by Michael J. Hughes
New York: NYU Press, 2012. Pp. xii, 290.
Illus., notes, biblio., index. $50.00. ISBN: 081473748X
Creating the Army that Defined an Era
Prof. Hughes (Iona) examines “Systems of military motivation in the Napoleonic Empire”, and the remarkable range of techniques that Napoleon used to build his army. He makes an excellent case that in forming the Grande Armée Napoleon combed through military practices from ancient times through the reigns of the Bourbons and the chaos of the Republic, selecting some practices and rejecting others, while creating new ones as he saw useful, to forge the Grande Armée.
Hughes takes us through the complex mix of rituals, distribution of loot, titles, honors, and decorations (the “baubles” by which “men are led”), parades, pensions, personal interactions (e.g., “spotting” an old soldier in the ranks, not a spontaneous event, but a well-planned one with a very ancient history), social advancement, reviews festivals, and more, that molded the Grande Armée. These created the superb instrument that yielded Napoleon’s victories in 1805-1808, and, although Hughes ends his examination well before then, were used to help Napoleon to raise and field effective armies even in the aftermath of the disasters of the final years of his empire.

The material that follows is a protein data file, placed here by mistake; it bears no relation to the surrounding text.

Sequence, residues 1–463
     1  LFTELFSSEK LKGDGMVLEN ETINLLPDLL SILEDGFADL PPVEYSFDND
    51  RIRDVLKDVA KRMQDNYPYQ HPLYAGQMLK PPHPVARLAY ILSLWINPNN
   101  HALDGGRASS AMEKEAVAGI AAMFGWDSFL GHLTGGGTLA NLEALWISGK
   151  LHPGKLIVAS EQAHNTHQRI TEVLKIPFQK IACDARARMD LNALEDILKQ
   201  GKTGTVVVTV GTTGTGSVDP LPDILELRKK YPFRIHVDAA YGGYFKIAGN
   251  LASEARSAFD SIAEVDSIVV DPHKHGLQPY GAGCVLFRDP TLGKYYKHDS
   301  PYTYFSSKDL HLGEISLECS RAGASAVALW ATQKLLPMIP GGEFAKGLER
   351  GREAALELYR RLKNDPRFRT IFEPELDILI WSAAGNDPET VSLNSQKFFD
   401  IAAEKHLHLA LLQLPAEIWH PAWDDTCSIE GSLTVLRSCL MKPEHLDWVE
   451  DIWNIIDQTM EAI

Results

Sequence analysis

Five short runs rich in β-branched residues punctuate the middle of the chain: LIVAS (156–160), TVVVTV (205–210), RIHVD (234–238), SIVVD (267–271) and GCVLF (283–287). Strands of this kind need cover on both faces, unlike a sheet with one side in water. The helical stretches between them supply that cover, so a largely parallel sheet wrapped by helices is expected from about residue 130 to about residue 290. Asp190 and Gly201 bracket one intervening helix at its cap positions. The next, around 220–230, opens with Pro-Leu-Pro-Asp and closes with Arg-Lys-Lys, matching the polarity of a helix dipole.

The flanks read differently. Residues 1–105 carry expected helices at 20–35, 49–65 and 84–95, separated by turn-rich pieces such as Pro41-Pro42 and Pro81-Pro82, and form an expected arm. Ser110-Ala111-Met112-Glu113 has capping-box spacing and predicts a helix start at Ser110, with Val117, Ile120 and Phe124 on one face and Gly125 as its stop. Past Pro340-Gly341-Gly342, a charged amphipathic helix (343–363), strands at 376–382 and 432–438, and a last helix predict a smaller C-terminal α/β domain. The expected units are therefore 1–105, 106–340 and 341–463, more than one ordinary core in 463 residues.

Although Hughes passes rather quickly over the fact that the forging of the Grande Armée benefitted greatly from the fact that France was essentially at peace on land for nearly five years, which permitted him to reorganize and thoroughly train his new army, Forging Napoleon’s Grande Armée, a volume in the NYU Press series “Warfare and Culture”, is a good read for anyone interested in the Napoleonic era, and also likely to be useful for anyone interested in the evolution of military training and in the military institutions of modern totalitarian states.
Note: Forging Napoleon’s Grande Armée is also available in several e-editions.